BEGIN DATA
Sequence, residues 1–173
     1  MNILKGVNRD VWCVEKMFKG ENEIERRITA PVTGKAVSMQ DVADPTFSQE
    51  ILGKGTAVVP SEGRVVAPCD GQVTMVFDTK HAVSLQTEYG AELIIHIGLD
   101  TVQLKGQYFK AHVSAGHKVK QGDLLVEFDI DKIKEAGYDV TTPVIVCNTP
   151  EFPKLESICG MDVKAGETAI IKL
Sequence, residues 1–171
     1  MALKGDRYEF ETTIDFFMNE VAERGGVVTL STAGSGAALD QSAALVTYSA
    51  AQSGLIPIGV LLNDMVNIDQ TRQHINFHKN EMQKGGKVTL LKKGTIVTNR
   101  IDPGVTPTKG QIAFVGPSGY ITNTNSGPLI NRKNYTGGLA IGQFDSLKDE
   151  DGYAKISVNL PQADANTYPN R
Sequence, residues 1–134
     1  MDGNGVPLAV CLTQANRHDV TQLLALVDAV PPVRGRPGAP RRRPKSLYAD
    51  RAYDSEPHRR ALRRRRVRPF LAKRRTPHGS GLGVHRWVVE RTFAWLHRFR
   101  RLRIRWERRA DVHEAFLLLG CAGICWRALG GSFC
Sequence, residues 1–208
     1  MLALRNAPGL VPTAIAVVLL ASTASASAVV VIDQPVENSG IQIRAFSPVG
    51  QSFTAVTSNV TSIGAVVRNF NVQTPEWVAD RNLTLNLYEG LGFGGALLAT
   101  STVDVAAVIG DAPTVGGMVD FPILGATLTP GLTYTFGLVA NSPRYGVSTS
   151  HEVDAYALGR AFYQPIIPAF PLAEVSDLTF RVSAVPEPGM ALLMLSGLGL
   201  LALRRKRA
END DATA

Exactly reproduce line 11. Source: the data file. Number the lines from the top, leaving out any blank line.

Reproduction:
Sequence, residues 1–134